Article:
Sauteed green bean with garlic and dried shrimp 

In this article, I will explain how I prepare this quick and easy dish called sauteed green bean with garlic and dried shrimp. Green beans are a widely popular vegetable among the Malaysian Chinese, both as a home-cooked meal or enjoy it in the restaurants.  It takes only less than half an hour to prepare, which is ideal for home cooks looking for a nutritious and simple dishes after a hard day’s work. 

Green beans are also called string beans, French beans, and Baguio beans in English. It also has different names in Chinese. Normally it is called 豆角, but restaurants frequently use some ornamental words to uplift their status and charges at a higher price. Hence it is also termed as ‘prosperity bean’ 富贵豆 and ‘four-season bean’ 四季豆 on the menu. 

Sauteed green bean with garlic and dried shrimp is widely popular among the Chinese. A quick and easy meal in thirty minutes.

There are many species of green beans. Some are longer, and others are of tiny size. Those types that are longer usually have tough, fibrous strings on the surface, which should be removed before cooking. Those smaller species, which are called 豆角苗, are more tender, which can be cooked directly without pulling off the stings. Naturally, they are sold at a higher price than the large counterpart. 

The easiest way to saute green bean is prepared with only salt, garlic, and oil. Customers like to order that despite this simple dish in the restaurant, as they enjoy the tender-crisp texture and the freshness of the beans.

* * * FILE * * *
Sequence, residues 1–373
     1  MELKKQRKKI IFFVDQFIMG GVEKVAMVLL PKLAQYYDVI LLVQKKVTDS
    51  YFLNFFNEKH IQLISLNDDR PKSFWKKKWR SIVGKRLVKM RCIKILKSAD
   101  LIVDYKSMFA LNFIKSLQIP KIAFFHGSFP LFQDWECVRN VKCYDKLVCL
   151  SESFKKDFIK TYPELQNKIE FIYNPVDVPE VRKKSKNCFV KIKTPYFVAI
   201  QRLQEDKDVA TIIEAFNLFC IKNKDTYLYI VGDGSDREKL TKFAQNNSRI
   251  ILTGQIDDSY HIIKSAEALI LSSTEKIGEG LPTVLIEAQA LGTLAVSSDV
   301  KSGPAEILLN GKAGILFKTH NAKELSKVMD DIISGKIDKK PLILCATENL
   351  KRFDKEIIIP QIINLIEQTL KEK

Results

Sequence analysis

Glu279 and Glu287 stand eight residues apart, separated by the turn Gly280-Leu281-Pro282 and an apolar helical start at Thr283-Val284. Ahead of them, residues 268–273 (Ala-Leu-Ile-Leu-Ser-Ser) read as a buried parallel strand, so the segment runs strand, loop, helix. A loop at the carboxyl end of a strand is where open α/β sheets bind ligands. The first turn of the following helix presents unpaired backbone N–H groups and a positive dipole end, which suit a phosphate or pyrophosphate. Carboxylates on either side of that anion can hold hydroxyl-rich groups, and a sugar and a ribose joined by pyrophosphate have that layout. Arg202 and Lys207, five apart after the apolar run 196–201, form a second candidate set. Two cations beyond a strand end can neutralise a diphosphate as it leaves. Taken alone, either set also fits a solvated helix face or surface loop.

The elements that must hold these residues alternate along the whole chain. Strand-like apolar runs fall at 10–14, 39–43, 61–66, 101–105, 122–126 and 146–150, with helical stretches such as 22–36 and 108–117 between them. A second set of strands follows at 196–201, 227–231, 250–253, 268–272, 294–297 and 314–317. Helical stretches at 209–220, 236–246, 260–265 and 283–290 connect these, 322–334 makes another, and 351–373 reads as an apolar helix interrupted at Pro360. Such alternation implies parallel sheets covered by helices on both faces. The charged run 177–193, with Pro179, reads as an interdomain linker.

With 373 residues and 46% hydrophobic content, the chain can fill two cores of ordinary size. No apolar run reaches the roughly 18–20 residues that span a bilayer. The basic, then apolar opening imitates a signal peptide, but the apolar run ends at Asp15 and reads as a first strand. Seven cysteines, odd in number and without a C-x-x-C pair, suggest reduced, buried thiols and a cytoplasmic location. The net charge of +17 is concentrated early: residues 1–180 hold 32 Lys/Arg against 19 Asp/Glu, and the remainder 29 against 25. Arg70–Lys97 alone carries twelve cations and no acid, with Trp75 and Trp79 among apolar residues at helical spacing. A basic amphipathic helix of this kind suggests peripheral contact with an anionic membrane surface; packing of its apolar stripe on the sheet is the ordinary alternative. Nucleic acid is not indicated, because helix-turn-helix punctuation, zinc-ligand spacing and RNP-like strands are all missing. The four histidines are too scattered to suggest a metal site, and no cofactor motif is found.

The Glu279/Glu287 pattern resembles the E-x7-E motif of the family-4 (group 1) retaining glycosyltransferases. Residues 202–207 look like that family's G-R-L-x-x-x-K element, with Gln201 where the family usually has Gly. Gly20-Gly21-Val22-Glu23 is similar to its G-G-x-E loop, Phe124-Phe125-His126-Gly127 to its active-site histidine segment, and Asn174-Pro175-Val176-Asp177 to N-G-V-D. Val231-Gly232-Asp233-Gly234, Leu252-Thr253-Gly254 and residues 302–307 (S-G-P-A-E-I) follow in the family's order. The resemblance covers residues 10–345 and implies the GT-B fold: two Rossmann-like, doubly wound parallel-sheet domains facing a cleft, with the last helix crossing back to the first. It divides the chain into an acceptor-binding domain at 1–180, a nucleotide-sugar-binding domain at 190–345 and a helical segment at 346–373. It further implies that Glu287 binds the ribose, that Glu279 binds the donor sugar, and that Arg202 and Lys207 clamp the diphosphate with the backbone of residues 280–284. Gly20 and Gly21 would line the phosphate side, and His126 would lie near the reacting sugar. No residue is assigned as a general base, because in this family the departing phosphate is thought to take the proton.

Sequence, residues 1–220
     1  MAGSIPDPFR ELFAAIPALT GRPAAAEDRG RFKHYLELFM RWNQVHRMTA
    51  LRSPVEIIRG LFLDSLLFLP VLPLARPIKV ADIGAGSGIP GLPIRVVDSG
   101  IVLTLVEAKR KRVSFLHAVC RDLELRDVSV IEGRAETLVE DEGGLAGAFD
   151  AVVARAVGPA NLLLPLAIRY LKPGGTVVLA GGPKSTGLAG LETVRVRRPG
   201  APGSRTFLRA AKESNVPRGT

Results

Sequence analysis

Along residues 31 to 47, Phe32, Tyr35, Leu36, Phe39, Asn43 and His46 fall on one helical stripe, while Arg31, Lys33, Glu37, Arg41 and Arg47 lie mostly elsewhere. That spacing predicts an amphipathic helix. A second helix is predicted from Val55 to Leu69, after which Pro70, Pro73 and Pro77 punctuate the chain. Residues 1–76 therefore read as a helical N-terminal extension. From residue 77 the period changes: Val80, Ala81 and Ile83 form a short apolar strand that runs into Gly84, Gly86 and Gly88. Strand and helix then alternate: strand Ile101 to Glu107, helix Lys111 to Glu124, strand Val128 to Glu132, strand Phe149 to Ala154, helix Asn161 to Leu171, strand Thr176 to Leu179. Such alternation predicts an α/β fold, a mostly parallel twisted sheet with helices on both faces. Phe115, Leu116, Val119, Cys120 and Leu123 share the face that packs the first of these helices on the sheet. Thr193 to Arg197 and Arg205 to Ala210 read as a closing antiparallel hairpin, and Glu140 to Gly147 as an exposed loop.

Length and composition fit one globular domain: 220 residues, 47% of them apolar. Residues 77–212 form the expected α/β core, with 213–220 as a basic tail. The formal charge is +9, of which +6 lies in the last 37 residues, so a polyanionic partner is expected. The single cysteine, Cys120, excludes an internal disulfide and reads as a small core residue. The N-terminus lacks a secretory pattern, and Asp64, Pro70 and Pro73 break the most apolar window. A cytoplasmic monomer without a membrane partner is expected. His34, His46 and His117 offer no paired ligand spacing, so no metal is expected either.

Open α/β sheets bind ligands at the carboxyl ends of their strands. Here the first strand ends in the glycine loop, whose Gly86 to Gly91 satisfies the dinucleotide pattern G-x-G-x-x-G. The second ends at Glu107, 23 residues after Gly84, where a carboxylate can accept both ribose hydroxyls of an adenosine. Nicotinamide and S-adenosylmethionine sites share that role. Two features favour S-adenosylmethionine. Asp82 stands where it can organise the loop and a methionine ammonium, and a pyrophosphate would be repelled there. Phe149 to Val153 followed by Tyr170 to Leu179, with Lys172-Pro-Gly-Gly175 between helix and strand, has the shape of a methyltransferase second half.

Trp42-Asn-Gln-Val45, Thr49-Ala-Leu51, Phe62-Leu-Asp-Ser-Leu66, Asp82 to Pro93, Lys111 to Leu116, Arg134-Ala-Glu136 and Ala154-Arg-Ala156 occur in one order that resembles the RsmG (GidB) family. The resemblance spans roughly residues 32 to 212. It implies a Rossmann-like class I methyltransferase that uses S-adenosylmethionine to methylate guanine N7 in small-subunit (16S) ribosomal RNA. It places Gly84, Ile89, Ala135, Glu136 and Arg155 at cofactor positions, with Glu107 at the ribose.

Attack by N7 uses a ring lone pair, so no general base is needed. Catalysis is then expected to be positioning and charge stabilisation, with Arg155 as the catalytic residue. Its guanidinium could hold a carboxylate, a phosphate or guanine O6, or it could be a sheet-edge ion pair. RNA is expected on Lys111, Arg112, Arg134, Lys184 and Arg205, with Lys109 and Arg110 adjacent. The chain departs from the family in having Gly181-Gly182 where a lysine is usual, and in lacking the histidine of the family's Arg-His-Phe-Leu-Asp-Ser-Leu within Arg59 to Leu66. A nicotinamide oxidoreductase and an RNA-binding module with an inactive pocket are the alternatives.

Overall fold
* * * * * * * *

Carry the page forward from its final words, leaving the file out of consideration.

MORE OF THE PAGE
In this recipe, I switch up the recipe with dried shrimp, which have high umami, couple with some oyster sauce to improve the flavor. You can still taste the freshness of the beans on top of the flavor of the dry shrimp and garlic. 

Let’s take a look at how to prepare the sauteed green bean with garlic and shrimp in detail. 

1. Prepare the green beans for sauteing 

As I mentioned before, you need to remove the inedible fibrous string of the green beans before cooking. You can remove the string by snapping one of the beans near to the end and pull lengthwise. If there is no fibrous string is pulled out from the bean, that means the beans are tender, and it is OK to skip this step. 

Next, align the beans at one end and cut off the tips. Do the same for the opposite end of the beans.